My aunt Carolyn is near death.
Her body is riddled with cancer and it came upon her quickly. Her children and grandchildren are gathering as are siblings and other beloveds.
This hurts. She is my mom’s older sister. Tall and strong and talented and gracious and fierce and like no other, she is. Private, oh so private about her thoughts and being. And within that being, the glimpses I got of the woman are part of the who I am.
We would spend weeks with her and her tribe of five children. I almost wondered if she and my mom conspired around childbirthing, because with the exception of one child in the middle not represented in my family, the two sisters had four other children born in pairs. It made for raucous gatherings. A cousin our own age for each of us. There were summers at the cabin and weeks in Duluth spent at Carolyn’s and Thanksgiving feasts and loud poker games and not a one of my mom’s sibling laughs delicately. Most of their kids share the same propensity for full-bodied laughter. So the air when the family gathered was laced with conversation and laughter choruses and intrigue and warm.
We’ll gather soon to thank God for Carolyn’s life. I don’t much know how to say thank you. What I am thinking these days is what a powerful blessing family is: Memories and traditions and relationships and bumps and the ongoing threading together that is sacred learning ground. We learn from each other lessons that we can’t even speak.
The lesson I can speak has to do with french toast. Aunt Carolyn taught me that french toast is a great way to use stale bread and it goes a long way for small cost. That teaching I can speak. But the other things she has deposited in my heart? I can’t speak them. But I know them to be grace.
So I pray on this night: God’s blessings, travelling mercies, thank you, thank you, thank you.
For forty some years now a part of my heart has been lodged in the log embrace of my cabin. My parents bought it when I was in second grade. The day after school let out, my mother and my sibs were in the car and on our way to the cabin, where we would spend days barefooted and swim suited and blissfully at one with water and space. My father would pay his visits weekly after he had finished worship on Sunday. The same was true for the other men who owned cabins up and down our beach. They would come, the men, and they would leave. And the beach? It was a community of women and children with an occasional and welcome male splash.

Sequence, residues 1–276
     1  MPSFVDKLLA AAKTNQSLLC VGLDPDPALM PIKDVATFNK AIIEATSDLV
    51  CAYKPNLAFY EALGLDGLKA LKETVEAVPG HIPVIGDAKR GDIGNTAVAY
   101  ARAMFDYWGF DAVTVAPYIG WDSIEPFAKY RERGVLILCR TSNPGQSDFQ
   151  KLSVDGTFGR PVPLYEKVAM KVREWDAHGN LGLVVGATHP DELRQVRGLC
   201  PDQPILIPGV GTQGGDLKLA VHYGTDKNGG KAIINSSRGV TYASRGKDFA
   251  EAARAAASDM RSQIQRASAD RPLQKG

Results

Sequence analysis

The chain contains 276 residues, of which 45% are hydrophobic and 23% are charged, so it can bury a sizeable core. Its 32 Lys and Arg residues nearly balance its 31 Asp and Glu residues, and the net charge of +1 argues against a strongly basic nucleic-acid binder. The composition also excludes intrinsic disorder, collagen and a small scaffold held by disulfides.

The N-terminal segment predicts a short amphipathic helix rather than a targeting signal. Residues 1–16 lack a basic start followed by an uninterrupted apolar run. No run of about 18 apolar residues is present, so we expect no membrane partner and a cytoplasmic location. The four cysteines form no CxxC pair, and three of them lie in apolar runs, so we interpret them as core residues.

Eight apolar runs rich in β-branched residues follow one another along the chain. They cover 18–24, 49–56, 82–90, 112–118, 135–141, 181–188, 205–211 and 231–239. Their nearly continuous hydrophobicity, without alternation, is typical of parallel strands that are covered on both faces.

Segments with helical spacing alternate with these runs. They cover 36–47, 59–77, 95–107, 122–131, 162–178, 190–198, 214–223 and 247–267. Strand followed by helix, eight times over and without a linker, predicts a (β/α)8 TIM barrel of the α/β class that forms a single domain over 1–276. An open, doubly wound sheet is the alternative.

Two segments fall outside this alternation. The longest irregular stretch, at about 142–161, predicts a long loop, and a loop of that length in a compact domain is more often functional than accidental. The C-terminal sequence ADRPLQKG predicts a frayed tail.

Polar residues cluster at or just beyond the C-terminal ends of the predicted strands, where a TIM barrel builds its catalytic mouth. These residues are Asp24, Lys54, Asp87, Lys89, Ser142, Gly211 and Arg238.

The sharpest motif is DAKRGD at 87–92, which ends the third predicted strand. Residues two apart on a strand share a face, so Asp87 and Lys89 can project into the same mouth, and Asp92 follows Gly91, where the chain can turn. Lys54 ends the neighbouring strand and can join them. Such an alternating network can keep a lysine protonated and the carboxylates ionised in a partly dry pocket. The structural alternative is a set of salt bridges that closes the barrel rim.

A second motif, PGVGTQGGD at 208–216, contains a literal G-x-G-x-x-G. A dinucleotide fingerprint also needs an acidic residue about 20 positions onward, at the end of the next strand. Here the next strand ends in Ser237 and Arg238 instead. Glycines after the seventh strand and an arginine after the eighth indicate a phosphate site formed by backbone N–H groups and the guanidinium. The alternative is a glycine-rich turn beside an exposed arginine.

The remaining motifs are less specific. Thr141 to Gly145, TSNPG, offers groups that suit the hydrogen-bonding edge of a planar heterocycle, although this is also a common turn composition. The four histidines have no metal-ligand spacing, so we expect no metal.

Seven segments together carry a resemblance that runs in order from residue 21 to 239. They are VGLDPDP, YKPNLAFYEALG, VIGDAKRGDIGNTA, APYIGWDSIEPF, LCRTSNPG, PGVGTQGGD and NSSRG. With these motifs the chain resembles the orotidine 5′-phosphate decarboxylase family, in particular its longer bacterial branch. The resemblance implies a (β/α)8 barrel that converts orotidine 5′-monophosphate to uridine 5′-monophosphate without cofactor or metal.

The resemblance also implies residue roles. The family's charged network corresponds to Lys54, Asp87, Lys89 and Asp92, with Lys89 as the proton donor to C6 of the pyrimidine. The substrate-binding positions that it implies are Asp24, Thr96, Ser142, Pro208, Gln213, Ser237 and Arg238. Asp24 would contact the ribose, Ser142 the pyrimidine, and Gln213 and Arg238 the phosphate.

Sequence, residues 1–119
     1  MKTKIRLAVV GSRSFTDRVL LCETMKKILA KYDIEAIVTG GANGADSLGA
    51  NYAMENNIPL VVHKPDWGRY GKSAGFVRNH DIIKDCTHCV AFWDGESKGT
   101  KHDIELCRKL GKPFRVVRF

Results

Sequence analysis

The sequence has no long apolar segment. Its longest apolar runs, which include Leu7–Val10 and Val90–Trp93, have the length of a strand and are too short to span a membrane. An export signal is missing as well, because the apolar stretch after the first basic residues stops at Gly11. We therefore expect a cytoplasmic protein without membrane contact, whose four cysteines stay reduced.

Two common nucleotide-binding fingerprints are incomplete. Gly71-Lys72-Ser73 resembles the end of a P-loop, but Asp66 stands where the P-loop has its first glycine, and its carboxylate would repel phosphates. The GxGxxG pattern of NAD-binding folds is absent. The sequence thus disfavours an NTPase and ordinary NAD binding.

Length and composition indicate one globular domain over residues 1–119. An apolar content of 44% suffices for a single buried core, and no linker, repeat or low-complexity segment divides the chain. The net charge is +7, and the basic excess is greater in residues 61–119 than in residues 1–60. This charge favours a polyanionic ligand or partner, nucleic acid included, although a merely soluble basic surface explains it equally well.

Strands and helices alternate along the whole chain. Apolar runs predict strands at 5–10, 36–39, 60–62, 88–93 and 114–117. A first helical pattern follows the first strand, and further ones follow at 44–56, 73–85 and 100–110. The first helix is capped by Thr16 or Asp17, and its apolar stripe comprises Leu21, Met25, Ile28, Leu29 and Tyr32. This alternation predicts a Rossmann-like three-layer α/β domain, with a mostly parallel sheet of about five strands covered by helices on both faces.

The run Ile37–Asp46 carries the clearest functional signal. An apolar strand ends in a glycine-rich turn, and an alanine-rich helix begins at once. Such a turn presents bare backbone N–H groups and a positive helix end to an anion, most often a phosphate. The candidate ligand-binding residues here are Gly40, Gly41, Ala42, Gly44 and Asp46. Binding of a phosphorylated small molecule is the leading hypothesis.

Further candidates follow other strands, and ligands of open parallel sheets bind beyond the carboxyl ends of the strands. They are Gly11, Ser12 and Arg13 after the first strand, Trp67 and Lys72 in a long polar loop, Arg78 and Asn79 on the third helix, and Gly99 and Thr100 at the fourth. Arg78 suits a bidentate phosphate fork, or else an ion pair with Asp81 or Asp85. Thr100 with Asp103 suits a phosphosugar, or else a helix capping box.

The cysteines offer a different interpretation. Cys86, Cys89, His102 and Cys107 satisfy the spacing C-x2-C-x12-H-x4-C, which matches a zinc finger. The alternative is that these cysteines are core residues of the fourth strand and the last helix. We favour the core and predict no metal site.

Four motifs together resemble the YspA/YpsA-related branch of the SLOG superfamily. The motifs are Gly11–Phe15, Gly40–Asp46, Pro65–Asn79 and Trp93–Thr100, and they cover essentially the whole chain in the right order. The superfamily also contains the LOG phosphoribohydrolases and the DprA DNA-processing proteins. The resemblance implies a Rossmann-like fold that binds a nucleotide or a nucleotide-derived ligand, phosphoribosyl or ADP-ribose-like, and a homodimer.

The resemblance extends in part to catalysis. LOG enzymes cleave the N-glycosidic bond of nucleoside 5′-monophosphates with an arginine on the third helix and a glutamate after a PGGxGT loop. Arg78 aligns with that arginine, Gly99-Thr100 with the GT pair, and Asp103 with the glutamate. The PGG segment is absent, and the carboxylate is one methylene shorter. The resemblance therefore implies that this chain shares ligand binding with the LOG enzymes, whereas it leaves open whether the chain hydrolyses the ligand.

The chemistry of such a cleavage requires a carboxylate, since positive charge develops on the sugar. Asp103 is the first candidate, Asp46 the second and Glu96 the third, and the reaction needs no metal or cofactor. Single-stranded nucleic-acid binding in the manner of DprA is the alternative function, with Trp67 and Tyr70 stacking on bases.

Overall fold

After a time, my father moved there and made home full time. The power of his spirit was taken into the pores of the place. When he died all too suddenly in its shelter, his wife muddled on for a time in the solitude and the stress of winter in isolated places. She came to know the need to bail.
So I bought it. I could not imagine it leaving the family. I could not imagine my life without the sanctuary of its presence. I could not bear the thought of leaving the community of women and children now grown and the generations beginning to find roots there. I bought it and in doing so I am keeper of the light of hearth for me and for my kin who know it as heart home.
This summer it is not available to me. For a time, it is being rented to another. And oh, the ache for the smell and the feel and the hold and the song of it is visceral. The rhythms of my life are jarred. The crawling in that has long been is no more for a time.
I am learning things. I am learning that I am a creature who must spend time by water, in wind, and under trees. I am paying attention to the ache and seeking ways for my rhythm to be restored in other venues. I am digging more in the ground of my city yard. I am seeking re-creation through lakes and grass and water never far from the armor of concrete. I am learning gratitude for God’s creative glory in the birds that feed on the newly hung bird feeder in my yard. I am learning.
And I know that after a time, the cabin that is the nest of my heart will once again take me in. So this ode to ache is also song of gratitude. She is, that log hug. She is, and she waits for me and mine. That is blessing, it is blessing indeed.
I was handed a gift yesterday at church. The woman who handed it to me shares my love of words and seems to have an uncanny sense of what will resonate with me.